Singh’s book may mark the turning of that tide, however tentatively. Along with Nayanjot Lahiri’s Ashoka in Ancient India (2015), Political Violence in Ancient India casts an impartial gaze on the past and its materials. Her history is expansive even if it is careful. To give one example, Singh’s elaboration of Nitisara, a text that is considered obscure and a pale shadow of the Arthashastra, allows us to glimpse what changed and what remained constant between the Mauyran and Gupta times. There is no interpolation of any modern category, just a plain textual reading by a historian alert to her facts. She writes, ‘Being a successful king required many inherent and cultivated qualities and a great deal of effort. Kamandaka’s long list of qualities that the king should possess (there are similarities with the Arthashastra) reveals an important aim of political theorists—to temper brute power with virtue’. This represents a continuity of a certain tradition of Indian political thought even when a large distance in time separated the two periods. If there was a strong ‘Hindu’ element here, it was definitely tempered with some Buddhist ideas too: cultivation of the self to banish bad thoughts, the hallmark of a good king according to Buddha became an administrative necessity in the Arthashastra and finally a political imperative in Nitisara.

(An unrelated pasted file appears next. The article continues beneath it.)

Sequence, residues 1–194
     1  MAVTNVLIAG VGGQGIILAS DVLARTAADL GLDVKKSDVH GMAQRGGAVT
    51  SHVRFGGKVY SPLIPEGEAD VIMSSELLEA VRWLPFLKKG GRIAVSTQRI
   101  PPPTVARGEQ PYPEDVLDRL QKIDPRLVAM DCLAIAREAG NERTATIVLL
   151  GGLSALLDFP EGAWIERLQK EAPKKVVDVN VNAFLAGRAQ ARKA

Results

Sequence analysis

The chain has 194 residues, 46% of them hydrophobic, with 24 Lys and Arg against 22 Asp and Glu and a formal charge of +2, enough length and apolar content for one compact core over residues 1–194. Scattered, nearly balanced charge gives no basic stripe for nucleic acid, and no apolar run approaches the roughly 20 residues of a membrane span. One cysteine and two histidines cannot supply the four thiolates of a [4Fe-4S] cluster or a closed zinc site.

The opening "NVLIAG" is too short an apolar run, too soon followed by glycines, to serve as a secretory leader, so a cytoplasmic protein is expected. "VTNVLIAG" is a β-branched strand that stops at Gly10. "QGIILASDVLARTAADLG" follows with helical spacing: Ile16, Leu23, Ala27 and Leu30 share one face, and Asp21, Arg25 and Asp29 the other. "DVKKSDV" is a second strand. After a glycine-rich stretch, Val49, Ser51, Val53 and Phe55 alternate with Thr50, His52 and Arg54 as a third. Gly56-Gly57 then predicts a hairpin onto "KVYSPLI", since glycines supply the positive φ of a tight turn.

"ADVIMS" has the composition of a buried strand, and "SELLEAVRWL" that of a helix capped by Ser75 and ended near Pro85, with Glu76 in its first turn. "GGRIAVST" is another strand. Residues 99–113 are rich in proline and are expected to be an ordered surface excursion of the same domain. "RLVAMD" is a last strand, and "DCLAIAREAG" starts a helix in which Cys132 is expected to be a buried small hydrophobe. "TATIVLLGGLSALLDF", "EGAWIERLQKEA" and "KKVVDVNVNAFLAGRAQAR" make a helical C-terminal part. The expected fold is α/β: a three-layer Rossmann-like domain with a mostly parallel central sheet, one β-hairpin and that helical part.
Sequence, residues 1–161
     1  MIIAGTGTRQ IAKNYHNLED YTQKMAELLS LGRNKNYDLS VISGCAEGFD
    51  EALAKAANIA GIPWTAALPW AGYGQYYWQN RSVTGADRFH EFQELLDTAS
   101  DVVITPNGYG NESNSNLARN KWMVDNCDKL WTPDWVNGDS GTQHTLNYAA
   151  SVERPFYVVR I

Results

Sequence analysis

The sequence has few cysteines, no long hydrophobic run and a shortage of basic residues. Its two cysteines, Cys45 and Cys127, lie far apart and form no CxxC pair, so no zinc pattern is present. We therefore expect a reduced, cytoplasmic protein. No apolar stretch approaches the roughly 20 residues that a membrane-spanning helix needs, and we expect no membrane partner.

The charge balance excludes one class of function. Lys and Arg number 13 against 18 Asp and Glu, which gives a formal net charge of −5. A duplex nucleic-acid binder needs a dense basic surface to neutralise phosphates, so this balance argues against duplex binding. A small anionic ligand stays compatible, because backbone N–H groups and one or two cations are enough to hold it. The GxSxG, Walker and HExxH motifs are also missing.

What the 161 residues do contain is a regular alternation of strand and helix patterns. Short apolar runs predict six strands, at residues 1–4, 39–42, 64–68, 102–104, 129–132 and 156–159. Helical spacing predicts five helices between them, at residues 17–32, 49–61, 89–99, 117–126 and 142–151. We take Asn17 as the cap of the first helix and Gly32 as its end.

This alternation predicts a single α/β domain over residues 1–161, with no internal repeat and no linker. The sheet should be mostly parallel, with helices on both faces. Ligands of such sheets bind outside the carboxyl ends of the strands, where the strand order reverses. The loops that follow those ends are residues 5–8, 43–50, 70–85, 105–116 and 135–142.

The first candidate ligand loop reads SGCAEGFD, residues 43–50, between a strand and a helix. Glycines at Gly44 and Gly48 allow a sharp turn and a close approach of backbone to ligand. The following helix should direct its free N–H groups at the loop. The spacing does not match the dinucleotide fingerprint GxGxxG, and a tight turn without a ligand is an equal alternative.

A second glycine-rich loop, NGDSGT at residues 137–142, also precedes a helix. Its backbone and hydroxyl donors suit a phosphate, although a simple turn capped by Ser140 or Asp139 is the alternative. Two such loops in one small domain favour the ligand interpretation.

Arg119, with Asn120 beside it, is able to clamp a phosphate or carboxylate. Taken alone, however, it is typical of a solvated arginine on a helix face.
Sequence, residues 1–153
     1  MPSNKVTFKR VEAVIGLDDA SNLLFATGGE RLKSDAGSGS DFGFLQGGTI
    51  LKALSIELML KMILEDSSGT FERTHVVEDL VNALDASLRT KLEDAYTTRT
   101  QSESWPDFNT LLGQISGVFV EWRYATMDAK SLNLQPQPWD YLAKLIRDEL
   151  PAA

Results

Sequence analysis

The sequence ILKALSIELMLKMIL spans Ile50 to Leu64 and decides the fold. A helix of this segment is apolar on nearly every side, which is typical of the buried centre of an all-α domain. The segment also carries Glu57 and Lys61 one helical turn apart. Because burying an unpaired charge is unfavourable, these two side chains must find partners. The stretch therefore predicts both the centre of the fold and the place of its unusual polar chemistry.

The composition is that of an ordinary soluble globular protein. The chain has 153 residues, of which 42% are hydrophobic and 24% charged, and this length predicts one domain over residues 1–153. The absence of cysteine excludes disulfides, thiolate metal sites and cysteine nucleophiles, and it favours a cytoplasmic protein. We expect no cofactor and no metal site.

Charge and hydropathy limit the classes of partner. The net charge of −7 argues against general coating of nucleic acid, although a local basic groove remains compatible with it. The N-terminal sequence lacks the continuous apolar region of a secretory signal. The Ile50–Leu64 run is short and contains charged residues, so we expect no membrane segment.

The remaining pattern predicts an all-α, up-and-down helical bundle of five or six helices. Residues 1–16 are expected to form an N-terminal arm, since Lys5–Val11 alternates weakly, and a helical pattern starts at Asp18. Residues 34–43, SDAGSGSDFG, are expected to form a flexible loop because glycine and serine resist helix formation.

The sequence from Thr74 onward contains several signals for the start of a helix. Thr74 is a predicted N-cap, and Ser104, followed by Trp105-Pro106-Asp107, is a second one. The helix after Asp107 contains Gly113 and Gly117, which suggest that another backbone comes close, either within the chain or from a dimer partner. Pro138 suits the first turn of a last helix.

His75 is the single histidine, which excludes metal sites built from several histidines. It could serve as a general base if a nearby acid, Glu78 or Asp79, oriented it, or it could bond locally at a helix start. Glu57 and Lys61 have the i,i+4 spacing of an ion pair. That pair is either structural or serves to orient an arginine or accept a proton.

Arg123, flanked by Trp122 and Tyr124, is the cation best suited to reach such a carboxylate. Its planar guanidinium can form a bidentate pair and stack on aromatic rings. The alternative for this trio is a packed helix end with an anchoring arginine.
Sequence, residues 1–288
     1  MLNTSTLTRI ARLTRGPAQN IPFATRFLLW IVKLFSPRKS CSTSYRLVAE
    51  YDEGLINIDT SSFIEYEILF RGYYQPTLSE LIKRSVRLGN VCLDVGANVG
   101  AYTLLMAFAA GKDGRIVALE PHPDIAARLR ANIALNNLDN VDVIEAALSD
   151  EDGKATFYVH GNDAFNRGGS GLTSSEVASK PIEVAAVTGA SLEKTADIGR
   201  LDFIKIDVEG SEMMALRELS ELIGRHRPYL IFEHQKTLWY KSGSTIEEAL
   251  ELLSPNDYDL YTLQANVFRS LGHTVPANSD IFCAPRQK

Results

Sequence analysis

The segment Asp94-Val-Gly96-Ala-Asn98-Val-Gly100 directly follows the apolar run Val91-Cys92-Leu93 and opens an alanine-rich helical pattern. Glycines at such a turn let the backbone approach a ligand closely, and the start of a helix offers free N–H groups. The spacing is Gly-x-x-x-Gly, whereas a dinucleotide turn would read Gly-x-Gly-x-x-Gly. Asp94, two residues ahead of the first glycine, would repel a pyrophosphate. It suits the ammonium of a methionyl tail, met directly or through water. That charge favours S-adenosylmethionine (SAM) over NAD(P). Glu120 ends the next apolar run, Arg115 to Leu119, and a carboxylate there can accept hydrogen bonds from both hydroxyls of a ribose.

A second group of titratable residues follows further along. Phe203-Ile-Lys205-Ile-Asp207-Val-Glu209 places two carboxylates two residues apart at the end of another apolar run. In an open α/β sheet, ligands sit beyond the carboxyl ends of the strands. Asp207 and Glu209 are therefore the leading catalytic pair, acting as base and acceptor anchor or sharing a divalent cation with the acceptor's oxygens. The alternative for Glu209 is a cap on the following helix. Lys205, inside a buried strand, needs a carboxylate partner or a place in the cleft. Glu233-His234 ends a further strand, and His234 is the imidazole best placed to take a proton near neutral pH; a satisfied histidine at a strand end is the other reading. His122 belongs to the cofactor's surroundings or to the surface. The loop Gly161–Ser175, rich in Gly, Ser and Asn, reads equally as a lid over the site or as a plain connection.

It is another matter that in the end, these efforts remained an ideal—one that is prized even today—but had only a mixed effect on kingship. As Singh’s book testifies, the problem of kingly rule and political violence remained unresolved through the high and low points of ancient India. Resolving that required the idea of incentives—political and economic— that were alien to Indian political theorising. The Arthashastra hinted at that when it made its prescriptions about the right behaviour for a successful king. This has been misinterpreted as some form of ethics but in the world of Arthashastra there was no room for that: accurate gauging of behaviour made all the difference between success and obliteration of empires. In the modern world, this is the basis of rational calculation; in Mauyran times, there was no elaboration of the reasoning even if the prescription was accurate. That in a sense was the success and limitation of ancient Indian political thought. Reading the pages of Singh’s book is to enter that long gone world and feel it again clearly without crutches and misconceptions.